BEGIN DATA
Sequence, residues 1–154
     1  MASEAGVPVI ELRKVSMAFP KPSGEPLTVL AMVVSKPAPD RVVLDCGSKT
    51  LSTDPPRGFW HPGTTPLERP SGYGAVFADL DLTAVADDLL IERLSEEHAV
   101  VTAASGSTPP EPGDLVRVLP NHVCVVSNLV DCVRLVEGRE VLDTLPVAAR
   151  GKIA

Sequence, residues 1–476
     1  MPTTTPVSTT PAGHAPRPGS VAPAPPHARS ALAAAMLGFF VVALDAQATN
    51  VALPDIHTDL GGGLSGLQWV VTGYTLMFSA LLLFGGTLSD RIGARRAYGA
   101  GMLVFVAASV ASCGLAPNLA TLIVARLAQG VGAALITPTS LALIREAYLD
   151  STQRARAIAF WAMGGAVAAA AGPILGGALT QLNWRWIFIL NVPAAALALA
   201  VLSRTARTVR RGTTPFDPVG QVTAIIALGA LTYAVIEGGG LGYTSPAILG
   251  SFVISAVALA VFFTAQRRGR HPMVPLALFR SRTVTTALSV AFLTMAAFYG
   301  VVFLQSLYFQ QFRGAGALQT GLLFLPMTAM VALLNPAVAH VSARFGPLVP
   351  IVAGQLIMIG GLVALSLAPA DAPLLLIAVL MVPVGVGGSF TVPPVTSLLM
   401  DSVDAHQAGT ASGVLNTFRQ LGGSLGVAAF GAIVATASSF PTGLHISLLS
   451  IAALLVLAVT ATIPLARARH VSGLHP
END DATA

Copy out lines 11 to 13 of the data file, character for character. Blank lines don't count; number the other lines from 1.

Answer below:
   201  VLSRTARTVR RGTTPFDPVG QVTAIIALGA LTYAVIEGGG LGYTSPAILG
   251  SFVISAVALA VFFTAQRRGR HPMVPLALFR SRTVTTALSV AFLTMAAFYG
   301  VVFLQSLYFQ QFRGAGALQT GLLFLPMTAM VALLNPAVAH VSARFGPLVP